Adonis Puentes & the Voice of Cuba Orchestra
Cuba by way of Vancouver Island, British Columbia, Canada
Adonis Puentes has said, “My mission in life is to share my music, giving people joy.” Propelled by the rhythms of his sextet, the Voice of Cuba Orchestra, the multitalented Puentes—an accomplished guitarist, percussionist, and songwriter—transports listeners to Cuba, his birthplace, through the mesmerizing sounds of son.
Son comes out of the centuries-old Afro-Cuban musical tradition, which married African percussion to the melodies and instrumentation of the Spanish cancion. After the abolition of slavery in 1886, many Cubans of African heritage moved from rural areas to the cities, and by the start of the 20th century a new musical genre called son had emerged from this working-class rural/urban interchange. Son matured in the 1920s, acquiring status as the island’s preeminent musical style, featuring a sextet configuration of guitar, tres (triple-stringed guitar), bongos, claves, maracas, and double bass. As the city of Havana became a cosmopolitan center, teeming with Americans looking to avoid Prohibition, soneros embaced the hot, new sounds of American jazz, introduced by the visiting musicians. Before long, a horn section became an integral component of son. Although eclipsed in popularity by newer genres starting in the 1940s, son remains a foundational Cuban style, a key inspiration for contemporary genres like salsa and timba. Even before the Buena Vista Social Club recordings of the mid-1990s sparked a worldwide revival of interest in the sounds of classic son, those same musicians had already inspired a new generation of Cuban soneros like Adonis Puentes.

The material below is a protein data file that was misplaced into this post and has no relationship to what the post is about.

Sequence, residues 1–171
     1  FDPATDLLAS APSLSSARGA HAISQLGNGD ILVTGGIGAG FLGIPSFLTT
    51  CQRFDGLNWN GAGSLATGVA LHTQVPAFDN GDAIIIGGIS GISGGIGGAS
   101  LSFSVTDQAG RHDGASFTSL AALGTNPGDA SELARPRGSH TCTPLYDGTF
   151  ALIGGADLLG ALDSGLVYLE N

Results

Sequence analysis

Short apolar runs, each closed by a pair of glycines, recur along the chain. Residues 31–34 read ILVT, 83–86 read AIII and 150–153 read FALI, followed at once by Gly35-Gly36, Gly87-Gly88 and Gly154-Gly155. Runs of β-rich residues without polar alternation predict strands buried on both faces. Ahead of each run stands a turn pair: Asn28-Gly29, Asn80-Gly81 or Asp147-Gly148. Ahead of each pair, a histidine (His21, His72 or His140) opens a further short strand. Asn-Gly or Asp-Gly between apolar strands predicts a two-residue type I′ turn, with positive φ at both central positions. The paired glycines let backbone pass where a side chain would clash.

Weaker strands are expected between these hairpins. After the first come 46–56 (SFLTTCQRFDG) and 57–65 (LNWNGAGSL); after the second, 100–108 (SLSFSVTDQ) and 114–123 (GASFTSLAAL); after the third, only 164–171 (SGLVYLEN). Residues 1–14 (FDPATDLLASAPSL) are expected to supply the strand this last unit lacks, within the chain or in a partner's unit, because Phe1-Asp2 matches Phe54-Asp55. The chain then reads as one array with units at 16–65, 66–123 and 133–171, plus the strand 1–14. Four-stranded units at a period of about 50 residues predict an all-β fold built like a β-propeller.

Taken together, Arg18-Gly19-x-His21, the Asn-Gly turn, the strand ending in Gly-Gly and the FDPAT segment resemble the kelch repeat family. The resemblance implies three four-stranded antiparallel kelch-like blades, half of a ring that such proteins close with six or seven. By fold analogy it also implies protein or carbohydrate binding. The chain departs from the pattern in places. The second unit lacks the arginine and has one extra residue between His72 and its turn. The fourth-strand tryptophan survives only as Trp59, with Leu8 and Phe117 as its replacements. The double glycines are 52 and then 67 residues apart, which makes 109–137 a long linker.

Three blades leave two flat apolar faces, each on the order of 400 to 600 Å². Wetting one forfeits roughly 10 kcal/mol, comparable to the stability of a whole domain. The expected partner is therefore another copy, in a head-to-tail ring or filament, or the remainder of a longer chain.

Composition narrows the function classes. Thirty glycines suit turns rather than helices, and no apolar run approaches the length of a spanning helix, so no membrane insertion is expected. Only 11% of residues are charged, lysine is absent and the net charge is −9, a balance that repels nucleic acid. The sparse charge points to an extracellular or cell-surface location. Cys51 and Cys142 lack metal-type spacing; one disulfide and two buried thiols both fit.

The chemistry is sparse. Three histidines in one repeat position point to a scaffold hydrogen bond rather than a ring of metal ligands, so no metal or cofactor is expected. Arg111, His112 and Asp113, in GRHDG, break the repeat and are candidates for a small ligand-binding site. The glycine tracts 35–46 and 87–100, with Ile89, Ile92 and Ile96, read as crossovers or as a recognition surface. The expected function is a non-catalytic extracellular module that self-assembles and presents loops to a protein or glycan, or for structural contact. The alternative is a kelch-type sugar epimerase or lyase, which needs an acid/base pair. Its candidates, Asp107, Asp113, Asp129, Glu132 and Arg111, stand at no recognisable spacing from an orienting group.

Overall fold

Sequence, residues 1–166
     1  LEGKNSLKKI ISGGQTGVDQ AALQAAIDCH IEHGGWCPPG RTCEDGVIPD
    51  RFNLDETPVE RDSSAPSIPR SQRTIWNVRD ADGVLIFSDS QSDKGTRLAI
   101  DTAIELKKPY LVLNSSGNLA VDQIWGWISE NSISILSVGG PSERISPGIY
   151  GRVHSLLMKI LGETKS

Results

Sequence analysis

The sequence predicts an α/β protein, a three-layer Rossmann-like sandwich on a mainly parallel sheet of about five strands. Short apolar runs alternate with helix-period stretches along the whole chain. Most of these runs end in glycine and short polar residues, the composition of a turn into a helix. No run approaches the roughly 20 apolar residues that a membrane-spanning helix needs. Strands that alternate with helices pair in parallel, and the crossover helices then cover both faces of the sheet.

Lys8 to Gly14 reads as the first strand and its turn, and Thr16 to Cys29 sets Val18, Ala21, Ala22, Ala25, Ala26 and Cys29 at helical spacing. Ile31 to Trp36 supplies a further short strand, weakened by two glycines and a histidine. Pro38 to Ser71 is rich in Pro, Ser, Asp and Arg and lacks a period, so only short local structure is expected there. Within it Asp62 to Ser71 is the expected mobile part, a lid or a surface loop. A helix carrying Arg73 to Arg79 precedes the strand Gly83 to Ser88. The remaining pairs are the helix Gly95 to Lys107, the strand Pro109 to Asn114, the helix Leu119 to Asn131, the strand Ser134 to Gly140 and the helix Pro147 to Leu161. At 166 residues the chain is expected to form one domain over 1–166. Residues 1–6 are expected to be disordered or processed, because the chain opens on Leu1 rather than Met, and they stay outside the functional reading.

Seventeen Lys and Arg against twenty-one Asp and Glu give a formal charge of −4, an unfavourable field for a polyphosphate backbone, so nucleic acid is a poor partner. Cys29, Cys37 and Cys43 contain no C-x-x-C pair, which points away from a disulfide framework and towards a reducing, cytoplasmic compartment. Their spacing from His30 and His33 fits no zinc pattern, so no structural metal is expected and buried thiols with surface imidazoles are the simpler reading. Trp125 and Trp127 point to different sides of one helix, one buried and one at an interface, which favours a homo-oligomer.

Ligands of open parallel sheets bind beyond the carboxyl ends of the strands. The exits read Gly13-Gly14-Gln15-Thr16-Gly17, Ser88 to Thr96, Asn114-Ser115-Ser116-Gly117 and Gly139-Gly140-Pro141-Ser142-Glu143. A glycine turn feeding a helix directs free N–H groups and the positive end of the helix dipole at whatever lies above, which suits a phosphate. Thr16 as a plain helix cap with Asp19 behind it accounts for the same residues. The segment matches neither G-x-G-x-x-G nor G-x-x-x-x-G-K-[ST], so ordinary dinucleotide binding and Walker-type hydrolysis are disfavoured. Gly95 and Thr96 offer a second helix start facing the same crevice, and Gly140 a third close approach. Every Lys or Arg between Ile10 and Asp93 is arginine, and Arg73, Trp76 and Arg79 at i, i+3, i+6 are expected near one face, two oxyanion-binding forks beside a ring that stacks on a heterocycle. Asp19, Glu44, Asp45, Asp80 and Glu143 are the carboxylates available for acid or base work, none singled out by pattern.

Adonis Puentes was born in 1974 in Artemesia, a small town in the western part of Cuba. The atmosphere was rich with music: it drifted into the Puentes home each day from the Casa de Cultura across the street. Adonis’ father, Valentin Puentes, was a respected instructor at the cultural center, and he taught Adonis and his twin brother Alexis (the musician Alex Cuba) to sing and play guitar. By age 6, the boys were performing in a children’s guitar ensemble. At home they jammed with their father’s visiting friends, musicians like the legendary Ibrahim Ferrer. Adonis began to write his own songs as a young teenager, and at age 21 gained national notice as a finalist on a televised Cuban salsa and son competition. In 1998, the Puentes brothers moved to Canada, and in 2005 Adonis began his solo career. He has played with legends like Ruben Blades, Celia Cruz, and Eddie Palmieri. A Grammy® nod and multiple Juno (Canadian Grammy) nominations later, Adonis Puentes also is recognized as one of the Cuban diaspora’s leading young bandleaders. None other than Juan de Marcos, leader of the Afro-Cuban All Stars and driving force behind the Buena Vista Social Club, has called Adonis Puentes a “verdadero sonero,” a true sonero.